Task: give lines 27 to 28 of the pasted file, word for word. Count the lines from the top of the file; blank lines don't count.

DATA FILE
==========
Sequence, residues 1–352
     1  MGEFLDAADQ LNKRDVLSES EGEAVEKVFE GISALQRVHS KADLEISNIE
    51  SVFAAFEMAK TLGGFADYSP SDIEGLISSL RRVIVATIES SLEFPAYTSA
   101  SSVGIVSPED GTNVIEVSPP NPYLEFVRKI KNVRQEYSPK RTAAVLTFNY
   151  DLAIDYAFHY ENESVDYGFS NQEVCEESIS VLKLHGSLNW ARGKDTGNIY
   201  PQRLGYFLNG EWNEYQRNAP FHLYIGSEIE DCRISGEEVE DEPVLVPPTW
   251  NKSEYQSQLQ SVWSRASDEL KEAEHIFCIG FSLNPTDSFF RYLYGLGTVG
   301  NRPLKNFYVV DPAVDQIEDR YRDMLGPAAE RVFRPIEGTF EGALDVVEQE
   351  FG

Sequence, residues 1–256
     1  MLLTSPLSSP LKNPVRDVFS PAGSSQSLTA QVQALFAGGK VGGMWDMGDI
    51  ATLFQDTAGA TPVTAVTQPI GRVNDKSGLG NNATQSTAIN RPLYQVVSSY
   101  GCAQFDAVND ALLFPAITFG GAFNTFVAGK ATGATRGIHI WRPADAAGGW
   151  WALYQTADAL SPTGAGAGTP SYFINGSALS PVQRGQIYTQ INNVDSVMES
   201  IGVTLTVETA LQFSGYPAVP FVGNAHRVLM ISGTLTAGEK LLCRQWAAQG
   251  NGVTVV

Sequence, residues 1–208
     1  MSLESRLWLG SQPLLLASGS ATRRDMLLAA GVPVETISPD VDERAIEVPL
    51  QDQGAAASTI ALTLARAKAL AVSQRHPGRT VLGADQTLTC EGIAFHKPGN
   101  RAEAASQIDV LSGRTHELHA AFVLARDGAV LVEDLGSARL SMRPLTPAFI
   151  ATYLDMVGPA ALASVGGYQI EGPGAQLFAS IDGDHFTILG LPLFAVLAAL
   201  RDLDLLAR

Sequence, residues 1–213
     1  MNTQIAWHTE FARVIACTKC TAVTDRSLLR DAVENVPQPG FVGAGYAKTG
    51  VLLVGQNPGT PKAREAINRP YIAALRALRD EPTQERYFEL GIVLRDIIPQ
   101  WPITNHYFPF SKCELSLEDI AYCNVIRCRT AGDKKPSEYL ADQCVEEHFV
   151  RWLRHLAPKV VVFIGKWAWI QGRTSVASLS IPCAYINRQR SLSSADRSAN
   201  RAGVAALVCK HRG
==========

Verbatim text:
   151  RWLRHLAPKV VVFIGKWAWI QGRTSVASLS IPCAYINRQR SLSSADRSAN
   201  RAGVAALVCK HRG